In My Own Words: Making Time
Long Live Biodiversity!
In My Own Words: Making Time
by Steve Taylor
Cover: Blue button jellyfish. Photograph: David Liittschwager/ National Geographic
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The Norfolk Coast, UK. Photograph: Istockphoto.com
Moving beyond linear time.
IN WESTERN CULTURES we perceive time as a linear process: as a kind of river that flows from the past through the present to the future. The past is a bottomless box of moments that were once present but have now disappeared and will never be known again, while the future is an endless sequence of moments waiting to become present, which are unknowable until they arrive. This idea of linear time runs through Judaic and Christian belief, with the notion that the world has a beginning and an end, and that time itself was created with the world, and will end when the world ends. As St Augustine wrote, “The world was made with time and not in time.”
Even now many scientists put forward a strictly linear view of the universe, telling us that it was created in a Big Bang about 16 billion years ago, when a giant mass of matter exploded out and slowly formed into galaxies and stars and planets. The force of the Big Bang means that all galaxies and stars are still expanding out into space, but at some point in the future, when that initial exploding force has died down, gravity will begin to pull all of them towards each other again, and eventually the whole universe will collapse in on itself and die in a ‘Big Crunch’. (This is just the view of some scientists; others believe that the universe will simply keep drifting apart forever.) In other words, time has a beginning and an end, just as in the Judaeo-Christian worldview.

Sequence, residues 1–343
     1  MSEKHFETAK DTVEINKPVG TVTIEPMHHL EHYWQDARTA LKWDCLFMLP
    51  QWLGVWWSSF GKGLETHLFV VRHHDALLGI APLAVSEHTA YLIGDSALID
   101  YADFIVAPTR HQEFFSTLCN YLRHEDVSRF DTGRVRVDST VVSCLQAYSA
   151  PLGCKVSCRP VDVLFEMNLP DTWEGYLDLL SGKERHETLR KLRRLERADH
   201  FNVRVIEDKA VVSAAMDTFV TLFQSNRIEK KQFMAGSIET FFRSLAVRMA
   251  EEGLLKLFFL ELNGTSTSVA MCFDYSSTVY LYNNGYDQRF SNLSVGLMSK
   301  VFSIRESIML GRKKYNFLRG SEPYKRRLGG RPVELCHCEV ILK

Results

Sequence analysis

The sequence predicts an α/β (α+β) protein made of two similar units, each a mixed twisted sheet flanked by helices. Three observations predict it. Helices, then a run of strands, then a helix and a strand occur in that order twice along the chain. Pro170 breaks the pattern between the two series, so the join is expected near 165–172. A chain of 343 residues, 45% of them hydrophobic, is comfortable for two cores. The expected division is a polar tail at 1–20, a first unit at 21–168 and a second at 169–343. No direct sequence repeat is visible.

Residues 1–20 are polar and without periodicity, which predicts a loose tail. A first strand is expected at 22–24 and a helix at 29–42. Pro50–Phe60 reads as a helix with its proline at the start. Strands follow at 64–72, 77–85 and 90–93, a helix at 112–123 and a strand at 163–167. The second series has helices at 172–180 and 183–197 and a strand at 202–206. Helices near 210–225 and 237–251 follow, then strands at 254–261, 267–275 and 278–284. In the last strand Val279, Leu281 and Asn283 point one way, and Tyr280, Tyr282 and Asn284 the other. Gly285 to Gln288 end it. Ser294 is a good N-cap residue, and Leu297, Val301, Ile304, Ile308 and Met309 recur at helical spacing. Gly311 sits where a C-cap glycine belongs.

However, there are some peoples in the world to whom, it seems, time hardly seems to flow at all. Most traditional indigenous peoples do not have words for time, the future or the past. Their languages generally don’t have past or future tenses, or words for ‘late’ or ‘waiting’. Our sense of linear time is so strong that it’s important for us to name and number the different intervals of time that we live through. We always know where we are in time – how old we are, and what day of the week and what year it is. It’s as if our lives are a journey and we need to be constantly aware of how far we’ve gone, and where we are along the way. But this is much less important for indigenous peoples. They generally don’t number years as they pass, or count their own ages in terms of years.